Karen and Jo, Digitisation Assistants, setting up the Brno Scroll on the PhaseOne copystand

Karen Mee, Digitisation Assistant in the Special Collections Digitisation Studio team, writes about the careful process of digitising the Brno Torah scroll.

Digitising a religious cultural artefact such as a Torah scroll requires a lot of planning and preparation in terms of collections care, appropriate handling, and photographic process. The team had already had some experience of digitising a large, rolled object when we undertook photography of the History Roll and this informed our approach to the Torah scroll.

Collections Care

One of the main challenges was minimising damage to the scroll from environmental changes. The scroll is a composite object, made from 47 separate pieces of parchment sewn together with animal sinew with iron gall ink media. Parchment reacts readily to changes in humidity, absorbing and desorbing moisture from the air, making it alter dimensionally with changes in relative humidity. This can result in damage such as ink lifting off the parchment surface, which clearly we wanted to avoid!

In the week prior to digitisation we liaised with the Collections Care Team to track relative humidity (RH) data from the exterior of the building and the digitisation studio. Our aim was to understand the relationship between the exterior and interior humidity in the studio and make any adjustments necessary to minimise variation in RH between the studio and the area where the scroll is stored, which is maintained at a fairly constant temperature and RH. This would help to reduce physical changes in the scroll leading to damage.

Using the Rotronic handheld thermohygrograph to measure RH levels in the Digitisation Studio

The digitisation studio is not climate controlled and due to the pandemic, the windows are open during working hours to ventilate the room, so we were somewhat at the mercy of the weather conditions. The exterior RH was found to be low so the Collections Care Team prepared a method of introducing moisture into the studio, should the RH need to be increased during the digitisation process to bring it closer to the scroll’s storage conditions. For this we used trays of capillary matting, soaked with deionised water as a reservoir, coupled with fans to distribute the moist air.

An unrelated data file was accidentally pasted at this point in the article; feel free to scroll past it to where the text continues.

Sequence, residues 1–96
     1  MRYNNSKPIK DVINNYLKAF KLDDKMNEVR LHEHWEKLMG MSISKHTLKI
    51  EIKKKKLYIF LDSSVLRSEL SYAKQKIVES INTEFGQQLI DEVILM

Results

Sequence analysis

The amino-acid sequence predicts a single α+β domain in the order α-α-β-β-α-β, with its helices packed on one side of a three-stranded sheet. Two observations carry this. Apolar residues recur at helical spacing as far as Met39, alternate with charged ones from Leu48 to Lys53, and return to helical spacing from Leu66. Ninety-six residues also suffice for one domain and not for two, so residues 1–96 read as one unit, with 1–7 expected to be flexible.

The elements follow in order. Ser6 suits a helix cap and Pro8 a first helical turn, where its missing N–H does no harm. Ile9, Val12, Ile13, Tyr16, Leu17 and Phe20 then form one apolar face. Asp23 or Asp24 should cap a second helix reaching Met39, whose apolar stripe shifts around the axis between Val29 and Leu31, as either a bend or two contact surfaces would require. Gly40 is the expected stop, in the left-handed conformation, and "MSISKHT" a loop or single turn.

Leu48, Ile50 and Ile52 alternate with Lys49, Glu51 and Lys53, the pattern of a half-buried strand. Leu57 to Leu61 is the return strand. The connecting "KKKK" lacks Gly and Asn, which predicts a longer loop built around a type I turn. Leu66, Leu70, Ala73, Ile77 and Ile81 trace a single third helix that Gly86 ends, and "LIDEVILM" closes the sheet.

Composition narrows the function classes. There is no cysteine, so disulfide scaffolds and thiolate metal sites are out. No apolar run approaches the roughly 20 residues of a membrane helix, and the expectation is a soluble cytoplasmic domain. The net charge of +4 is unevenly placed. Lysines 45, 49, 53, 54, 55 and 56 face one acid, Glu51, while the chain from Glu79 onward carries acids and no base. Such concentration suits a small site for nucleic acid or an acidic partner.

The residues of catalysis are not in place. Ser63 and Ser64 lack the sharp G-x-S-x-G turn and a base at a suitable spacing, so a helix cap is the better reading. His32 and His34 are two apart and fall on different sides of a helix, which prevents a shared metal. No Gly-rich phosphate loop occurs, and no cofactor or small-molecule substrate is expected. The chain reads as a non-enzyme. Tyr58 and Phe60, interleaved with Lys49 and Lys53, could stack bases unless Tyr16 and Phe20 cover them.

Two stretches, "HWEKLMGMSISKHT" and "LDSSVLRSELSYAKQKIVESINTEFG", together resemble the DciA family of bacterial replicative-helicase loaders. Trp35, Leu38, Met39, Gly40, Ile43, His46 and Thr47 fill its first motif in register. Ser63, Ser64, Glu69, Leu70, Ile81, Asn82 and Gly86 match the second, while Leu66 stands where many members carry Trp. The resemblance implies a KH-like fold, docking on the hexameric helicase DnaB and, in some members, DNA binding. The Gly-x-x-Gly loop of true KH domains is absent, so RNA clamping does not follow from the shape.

As it turned out, the moisture reservoirs were not necessary, as the RH in the studio was deemed to be within safe parameters during the photography. We continued to work with Collections Care monitoring the environmental conditions during the photography using both a Rotronic handheld thermohygrograph and data from our SensiaII environmental monitoring system.

There are strict handling requirements the digitisation team had to observe in addition to the regular handling conventions expected in an archive. The Brno Torah Scroll is a religious cultural artefact so we could not touch the writing on the scroll by hand or leave it open in an unoccupied room. As this was a group project involving all three Digitisation Assistants, two of whom are part time, this meant we had to arrange days where we were all on site, and plan carefully when we would start the photography and take breaks.

Photographing the Scroll

Prior to starting the work, we did a trial run of opening and closing the scroll. This was to help us plan the workflow and set-up to ensure we were handling the object as safely as possible. We also needed to find the beginning and end of the scroll, to know in what order to sort the images.

Xiao and Jo rolling the Torah scroll

The parchment sections of the scroll are of differing widths and lengths, so we needed to calculate how high to position the camera to capture the entire item whilst retaining the greatest detail. Luckily, each parchment section had already been measured so we had made a rough calculation using these figures. This process helped us to verify our estimates as well as refine the approach – for example, we introduced an adjustable table from the studio to move next to the camera copy stand to extend the area that the Torah would roll onto and covered it with the black velvet cloth we use for background.

PhaseOne copystand set up using an extra height-adjustable table

As stated earlier each of the three Digitisation Assistants had a role to play. Two oversaw unrolling the scroll piece by piece, the other was based on the PhaseOne camera to line up the image, take the shot and check the focus. We alternated roles as much as we could and the whole project took two half days to photograph. We checked the studio environment in the morning and undertook the photography to the afternoon as we had limited environmental control. During each afternoon’s shooting we observed the parchment ‘relaxing’ and becoming more malleable, testifying to how sensitive this material is to ambient conditions.

Xiao and Jo, Digitisation Assistants unrolling the scroll so it can be photographed piece by piece.
Xiao, Jo and Karen all photographing the scroll
The photographed piece of parchment visible in CaptureOne, the software used to process images on the PhaseOne camera

There is still some work to do with the resulting images before we can publish online but you can learn more about the Brno Torah Scroll on our website and the  Memorial Scrolls Trust